Here is an interesting development in privacy law. The High Court of England and Wales has confirmed the existence of a new Tort, the tort of misuse of private information. In the case of Vidal-Hall & Ors v Google Inc  EWHC 13 (QB), a group of users have sued Google alleging that the search engine giant “has misused their private information, and acted in breach of confidence, and/or in breach of the statutory duties under the Data Protection Act 1998” by tracking and collating without their consent information relating to their Internet usage. Google responded that the English court has no jurisdiction to try these claims and applied for an order declaring such a fact.
Tugendhat J was tasked with answering whether Google Inc can be the subject of litigation in English courts. The Civil Procedure Rules (CPR) allow for an injunction to be served in another jurisdiction if:
“(2) A claim is made for an injunction ordering the defendant to do or refrain from doing an act within the jurisdiction.
(9) A claim is made in tort where (a) damage was sustained within the jurisdiction; or (b) the damage sustained resulted from an act committed within the jurisdiction.”
In other words, the judge needs to be satisfied that the acts are being performed within England and Wales, and there has to be a claim in tort where the damage is sustained within the jurisdiction. So the judge had to consider whether misuse of private information, breach of confidence and breach of DPA statutory duties amount to a claim in tort. Tugendhat J first referred back to Campbell v MGN  2 WLR 1232 where Lord Nicholls established that breach of confidence was better encapsulated by another concept, that of misuse of private information, and commented that the tort, however labelled, “affords respect for one aspect of an individual’s privacy”. Tugendhat J also referred to Douglas v Hello  EWCA Civ 595 and Imerman v Tchenguiz  Fam 116 as other cases where the tort of misuse of private information had been mentioned.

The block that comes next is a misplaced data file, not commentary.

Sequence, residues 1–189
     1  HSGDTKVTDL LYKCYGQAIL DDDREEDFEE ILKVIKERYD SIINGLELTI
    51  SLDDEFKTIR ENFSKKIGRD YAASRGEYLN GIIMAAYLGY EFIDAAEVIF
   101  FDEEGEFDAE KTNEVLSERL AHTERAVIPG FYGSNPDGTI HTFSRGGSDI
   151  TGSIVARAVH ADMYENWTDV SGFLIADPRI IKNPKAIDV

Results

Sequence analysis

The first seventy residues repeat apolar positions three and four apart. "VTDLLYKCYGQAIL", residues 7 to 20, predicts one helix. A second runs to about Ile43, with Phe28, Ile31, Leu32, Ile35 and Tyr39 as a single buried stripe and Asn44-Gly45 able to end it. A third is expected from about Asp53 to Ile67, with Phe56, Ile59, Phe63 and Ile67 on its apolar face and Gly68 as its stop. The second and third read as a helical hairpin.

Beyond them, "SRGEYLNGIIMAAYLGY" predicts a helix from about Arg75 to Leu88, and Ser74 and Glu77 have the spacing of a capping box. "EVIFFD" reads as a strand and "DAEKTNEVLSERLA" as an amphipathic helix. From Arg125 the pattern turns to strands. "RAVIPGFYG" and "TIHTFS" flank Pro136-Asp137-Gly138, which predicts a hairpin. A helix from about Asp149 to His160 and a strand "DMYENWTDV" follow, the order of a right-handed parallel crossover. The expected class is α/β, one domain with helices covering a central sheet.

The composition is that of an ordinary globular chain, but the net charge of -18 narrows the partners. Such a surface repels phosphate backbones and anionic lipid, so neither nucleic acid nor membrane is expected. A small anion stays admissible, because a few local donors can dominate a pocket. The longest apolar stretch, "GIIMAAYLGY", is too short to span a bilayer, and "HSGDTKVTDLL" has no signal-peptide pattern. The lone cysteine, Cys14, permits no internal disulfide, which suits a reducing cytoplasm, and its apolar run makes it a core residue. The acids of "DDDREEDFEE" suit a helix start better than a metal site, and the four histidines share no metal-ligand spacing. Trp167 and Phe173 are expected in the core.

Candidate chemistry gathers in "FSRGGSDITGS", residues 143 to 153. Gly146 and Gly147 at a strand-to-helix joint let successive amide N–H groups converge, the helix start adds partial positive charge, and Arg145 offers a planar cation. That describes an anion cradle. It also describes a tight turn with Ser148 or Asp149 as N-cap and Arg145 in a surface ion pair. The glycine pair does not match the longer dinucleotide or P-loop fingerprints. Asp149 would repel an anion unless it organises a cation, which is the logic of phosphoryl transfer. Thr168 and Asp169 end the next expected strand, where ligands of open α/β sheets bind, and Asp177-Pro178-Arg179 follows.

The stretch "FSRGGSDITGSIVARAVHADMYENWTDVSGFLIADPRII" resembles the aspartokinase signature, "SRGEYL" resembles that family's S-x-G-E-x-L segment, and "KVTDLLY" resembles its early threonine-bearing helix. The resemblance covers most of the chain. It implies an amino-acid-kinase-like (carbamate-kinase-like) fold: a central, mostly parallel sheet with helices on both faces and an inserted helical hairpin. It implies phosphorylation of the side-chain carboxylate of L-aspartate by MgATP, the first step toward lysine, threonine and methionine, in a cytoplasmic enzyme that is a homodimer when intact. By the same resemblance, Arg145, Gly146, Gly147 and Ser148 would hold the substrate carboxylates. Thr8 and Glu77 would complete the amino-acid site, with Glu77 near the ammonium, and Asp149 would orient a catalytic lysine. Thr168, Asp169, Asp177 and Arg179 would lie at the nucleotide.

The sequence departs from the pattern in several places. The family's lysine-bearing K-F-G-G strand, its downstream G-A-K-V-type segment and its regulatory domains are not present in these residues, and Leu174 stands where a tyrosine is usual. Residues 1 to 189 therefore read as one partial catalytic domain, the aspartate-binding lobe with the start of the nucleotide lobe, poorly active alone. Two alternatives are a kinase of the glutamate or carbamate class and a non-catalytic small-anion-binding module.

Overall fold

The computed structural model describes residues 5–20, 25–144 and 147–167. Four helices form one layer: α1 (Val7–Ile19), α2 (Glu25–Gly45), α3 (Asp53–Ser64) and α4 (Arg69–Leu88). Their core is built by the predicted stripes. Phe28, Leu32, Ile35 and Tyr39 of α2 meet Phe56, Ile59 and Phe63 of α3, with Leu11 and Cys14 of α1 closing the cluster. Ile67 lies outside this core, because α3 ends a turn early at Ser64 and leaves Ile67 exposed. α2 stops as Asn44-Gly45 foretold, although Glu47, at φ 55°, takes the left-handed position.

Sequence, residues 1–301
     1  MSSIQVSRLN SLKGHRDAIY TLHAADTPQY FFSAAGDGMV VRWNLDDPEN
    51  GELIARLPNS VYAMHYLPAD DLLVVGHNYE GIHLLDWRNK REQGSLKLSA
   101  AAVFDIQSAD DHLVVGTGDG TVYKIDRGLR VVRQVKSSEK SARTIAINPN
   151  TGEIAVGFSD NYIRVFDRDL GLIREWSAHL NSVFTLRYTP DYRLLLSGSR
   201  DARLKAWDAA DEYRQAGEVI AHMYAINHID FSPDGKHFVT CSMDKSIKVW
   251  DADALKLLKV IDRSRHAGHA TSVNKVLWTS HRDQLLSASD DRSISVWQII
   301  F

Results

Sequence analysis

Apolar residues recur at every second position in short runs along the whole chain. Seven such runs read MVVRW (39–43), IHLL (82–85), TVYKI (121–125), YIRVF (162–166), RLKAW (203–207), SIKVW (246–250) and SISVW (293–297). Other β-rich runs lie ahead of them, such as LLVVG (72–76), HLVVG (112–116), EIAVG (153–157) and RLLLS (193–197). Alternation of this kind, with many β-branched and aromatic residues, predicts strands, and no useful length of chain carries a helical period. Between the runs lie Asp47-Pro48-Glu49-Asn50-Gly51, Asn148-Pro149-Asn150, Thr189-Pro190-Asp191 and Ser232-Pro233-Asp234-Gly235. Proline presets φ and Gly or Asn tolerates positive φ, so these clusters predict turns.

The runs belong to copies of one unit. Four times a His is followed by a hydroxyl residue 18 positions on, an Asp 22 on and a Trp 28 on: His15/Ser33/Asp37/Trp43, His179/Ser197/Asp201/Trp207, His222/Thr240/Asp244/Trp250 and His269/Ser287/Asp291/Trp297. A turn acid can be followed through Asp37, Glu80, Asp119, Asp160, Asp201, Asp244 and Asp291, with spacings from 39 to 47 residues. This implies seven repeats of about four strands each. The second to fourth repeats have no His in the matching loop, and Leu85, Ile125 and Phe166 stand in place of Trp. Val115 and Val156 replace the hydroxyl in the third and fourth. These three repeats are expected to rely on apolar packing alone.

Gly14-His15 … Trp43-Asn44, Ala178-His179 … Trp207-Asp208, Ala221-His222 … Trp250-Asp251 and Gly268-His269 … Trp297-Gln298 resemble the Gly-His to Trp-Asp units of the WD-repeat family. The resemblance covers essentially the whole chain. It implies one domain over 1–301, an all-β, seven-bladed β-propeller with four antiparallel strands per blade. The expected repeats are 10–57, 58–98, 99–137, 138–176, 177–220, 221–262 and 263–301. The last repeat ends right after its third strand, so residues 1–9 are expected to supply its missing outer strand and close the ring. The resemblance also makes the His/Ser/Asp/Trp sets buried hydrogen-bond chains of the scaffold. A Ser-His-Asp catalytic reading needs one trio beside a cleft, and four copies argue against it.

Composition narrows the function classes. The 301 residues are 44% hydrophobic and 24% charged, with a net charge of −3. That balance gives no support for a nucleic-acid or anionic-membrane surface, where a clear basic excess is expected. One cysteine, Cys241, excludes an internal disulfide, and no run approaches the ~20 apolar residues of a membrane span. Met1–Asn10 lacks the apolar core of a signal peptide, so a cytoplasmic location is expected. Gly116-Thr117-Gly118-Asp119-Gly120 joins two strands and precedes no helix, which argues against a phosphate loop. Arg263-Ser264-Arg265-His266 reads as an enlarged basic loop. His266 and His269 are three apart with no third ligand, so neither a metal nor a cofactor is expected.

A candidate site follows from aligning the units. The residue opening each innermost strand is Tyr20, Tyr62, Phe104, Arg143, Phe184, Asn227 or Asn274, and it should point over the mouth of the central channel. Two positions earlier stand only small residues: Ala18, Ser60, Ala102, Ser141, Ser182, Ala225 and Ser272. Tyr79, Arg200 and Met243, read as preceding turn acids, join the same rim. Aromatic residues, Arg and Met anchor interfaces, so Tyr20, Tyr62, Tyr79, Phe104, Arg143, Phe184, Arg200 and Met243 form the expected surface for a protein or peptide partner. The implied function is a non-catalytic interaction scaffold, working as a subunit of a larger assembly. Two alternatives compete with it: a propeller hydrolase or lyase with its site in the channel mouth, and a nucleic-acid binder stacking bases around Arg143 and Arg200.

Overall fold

The judge then concluded that “the tort of misuse of private information is a tort” within the meaning of the CPR rules, and therefore it would be possible to serve an injunction to Google outside of the court’s jurisdiction. Although the claim for breach of confidence is not a tort, it could still be subject to some relief by other grounds, and therefore it could also be enough to serve an injunction to Google. Tugendhat J therefore declared that the matter at hand “is a serious issue to be tried in each of the Claimants’ claims for misuse of private information”.
This is a very important ruling for various reasons, but mostly because it seems to finally confirm the existence of the tort of misuse of private information, which had been hinted at in other cases. We will be following the developments with interest.
I wonder if this gives us the scope to now sue GCHQ?